Change blindness isn’t a medical condition that doctors diagnose. Instead, it’s a visual phenomenon that people experience in everyday life to different degrees.

You may experience change blindness firsthand through visual tests where you’re asked to look at one image or video. Then some type of interruption (blank screen) may be introduced, after which a similar but changed image is presented.

You may either see or not see a change between the two images or videos, demonstrating your degree of change blindness.

There’s no standard treatment for change blindness. Furthermore, there likely is no cure for this phenomenon. Research indicates that change blindness boils down to a person’s attention span, which can be highly individual and influenced by various factors.

Along with being aware that change blindness can happen, you may lower your risk of accidents by avoiding things (drugs, alcohol, too little sleep) that may affect your working memory. Avoiding unnecessary distractions from your visual environment (for example, using your cell phone while driving) may also help.

Change blindness becomes particularly important to recognize in situations that rely on a keen perception of the visual world. People in certain jobs, like air traffic controllers, may risk accidents if they experience change blindness when monitoring takeoffs and landings.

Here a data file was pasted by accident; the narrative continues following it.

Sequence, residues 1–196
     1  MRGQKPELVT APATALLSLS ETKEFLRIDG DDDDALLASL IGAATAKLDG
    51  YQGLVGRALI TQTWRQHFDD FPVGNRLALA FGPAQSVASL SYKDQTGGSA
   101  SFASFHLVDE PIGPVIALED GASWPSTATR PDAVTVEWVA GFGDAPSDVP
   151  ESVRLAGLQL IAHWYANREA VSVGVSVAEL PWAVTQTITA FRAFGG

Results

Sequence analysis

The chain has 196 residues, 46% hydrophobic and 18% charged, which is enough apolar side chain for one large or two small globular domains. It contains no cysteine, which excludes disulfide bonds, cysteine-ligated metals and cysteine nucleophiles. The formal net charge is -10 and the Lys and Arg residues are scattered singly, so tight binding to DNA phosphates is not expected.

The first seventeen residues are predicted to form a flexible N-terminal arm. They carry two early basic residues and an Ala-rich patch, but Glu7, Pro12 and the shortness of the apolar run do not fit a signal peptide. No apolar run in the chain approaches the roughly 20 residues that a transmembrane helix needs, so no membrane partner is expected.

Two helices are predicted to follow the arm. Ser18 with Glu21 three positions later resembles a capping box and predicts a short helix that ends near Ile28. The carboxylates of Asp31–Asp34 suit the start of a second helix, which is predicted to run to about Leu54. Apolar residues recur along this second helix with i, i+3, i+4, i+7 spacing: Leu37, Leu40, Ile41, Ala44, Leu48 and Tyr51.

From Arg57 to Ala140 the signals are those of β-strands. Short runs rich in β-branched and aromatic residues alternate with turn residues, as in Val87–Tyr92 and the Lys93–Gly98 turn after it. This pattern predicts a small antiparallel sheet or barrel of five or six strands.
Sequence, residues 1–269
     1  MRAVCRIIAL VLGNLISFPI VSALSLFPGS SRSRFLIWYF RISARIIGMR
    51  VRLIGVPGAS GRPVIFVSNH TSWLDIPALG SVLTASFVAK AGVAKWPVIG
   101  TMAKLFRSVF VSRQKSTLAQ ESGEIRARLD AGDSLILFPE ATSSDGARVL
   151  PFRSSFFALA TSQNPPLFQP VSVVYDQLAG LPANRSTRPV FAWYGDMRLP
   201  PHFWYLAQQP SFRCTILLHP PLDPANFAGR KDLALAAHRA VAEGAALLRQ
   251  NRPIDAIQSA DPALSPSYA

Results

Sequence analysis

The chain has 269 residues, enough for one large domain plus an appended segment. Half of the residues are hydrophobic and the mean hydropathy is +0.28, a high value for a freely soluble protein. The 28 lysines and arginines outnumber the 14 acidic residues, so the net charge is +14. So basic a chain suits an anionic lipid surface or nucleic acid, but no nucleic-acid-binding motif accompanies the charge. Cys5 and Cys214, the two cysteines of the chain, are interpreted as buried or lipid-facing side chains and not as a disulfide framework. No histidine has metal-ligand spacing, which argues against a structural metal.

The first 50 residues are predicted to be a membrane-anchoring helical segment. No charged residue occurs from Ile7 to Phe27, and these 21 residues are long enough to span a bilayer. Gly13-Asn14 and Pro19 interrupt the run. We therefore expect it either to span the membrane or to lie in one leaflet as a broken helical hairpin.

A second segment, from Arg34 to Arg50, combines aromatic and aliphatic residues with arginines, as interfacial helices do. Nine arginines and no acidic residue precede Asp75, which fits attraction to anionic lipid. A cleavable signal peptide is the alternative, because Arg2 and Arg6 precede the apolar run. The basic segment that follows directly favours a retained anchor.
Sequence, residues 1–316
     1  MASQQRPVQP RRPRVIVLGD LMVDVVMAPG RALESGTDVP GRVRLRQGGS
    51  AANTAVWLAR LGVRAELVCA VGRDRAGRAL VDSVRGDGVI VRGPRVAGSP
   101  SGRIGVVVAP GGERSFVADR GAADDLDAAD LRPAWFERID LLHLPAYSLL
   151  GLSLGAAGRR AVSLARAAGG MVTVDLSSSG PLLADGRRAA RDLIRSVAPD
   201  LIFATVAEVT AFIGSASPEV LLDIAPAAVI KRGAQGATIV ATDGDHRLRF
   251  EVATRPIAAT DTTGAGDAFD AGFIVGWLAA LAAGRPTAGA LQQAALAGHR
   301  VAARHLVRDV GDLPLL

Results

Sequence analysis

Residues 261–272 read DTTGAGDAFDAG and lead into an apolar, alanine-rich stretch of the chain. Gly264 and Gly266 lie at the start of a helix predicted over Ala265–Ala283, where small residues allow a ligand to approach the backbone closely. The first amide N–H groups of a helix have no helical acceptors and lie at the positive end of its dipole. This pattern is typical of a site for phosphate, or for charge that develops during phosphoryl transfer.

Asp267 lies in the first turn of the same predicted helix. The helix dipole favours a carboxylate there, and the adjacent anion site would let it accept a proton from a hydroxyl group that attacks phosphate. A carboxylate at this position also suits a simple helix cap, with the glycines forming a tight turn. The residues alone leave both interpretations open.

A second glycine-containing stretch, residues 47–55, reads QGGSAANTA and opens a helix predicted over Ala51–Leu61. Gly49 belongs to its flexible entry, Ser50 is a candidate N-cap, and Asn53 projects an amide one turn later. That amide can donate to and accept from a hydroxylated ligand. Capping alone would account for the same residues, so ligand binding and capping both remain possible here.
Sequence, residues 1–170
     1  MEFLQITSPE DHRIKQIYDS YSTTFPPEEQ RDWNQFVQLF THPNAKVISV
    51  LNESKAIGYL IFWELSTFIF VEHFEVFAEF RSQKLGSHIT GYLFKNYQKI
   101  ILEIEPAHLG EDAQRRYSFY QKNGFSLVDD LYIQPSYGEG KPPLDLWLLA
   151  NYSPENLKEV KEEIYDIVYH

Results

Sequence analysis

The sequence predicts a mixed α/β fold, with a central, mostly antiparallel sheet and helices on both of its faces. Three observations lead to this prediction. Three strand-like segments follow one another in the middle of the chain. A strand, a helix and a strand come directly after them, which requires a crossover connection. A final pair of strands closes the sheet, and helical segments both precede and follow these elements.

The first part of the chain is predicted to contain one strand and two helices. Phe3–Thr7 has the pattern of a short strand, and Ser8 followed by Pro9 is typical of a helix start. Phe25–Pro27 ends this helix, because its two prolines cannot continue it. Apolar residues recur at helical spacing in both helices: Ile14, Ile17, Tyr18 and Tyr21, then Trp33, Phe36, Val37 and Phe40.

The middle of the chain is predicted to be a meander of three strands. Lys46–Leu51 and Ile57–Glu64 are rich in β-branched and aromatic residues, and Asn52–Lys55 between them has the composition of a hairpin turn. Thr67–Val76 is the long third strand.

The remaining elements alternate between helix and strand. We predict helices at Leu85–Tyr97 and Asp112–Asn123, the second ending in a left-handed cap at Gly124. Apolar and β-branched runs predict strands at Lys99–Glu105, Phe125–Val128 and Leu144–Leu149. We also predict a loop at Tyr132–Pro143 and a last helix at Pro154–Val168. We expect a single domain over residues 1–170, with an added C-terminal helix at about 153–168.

Likewise, change blindness may be a risk while driving a vehicle. If you fail to see some change in the road up ahead, you may be involved in an accident that could be life threatening.

Change blindness may also have consequences with eyewitness accounts. What somebody sees (or doesn’t see) can carry a lot of weight, particularly in court situations.

Again, change blindness isn’t a medical condition that a person receives a diagnosis of. It’s something anyone can experience from time to time to different degrees.

The outlook for someone with change blindness is individual and depends on a person’s attention span, different health conditions that may affect their working memory, and lifestyle factors that may also lead to distraction or inattention.

Does change blindness increase with age?

It may. Researchers explain that change blindness tends to be more notable in people with cognitive impairment, such as older people with dementia.

What is an example of change blindness?

NOVA Public Broadcasting Service (PBS) conducted an informal experiment where a person asked a stranger on the street for directions. They sent in a group of people carrying a large board between them and switched out the person who was asking for directions. Only around half of people noticed the person had changed.

Why is change blindness important?

It’s important to understand what change blindness is because it can affect your everyday life. While some of these effects may not have serious consequences, others may increase the risk of accidents or other situations (wrongful convictions).

Speak with a doctor or healthcare professional if you feel change blindness is affecting your everyday life. Sometimes it may be a symptom of a broader health issue, like dementia or lack of sleep. Otherwise, try your best to cut out distractions when you’re performing essential tasks, like driving or working.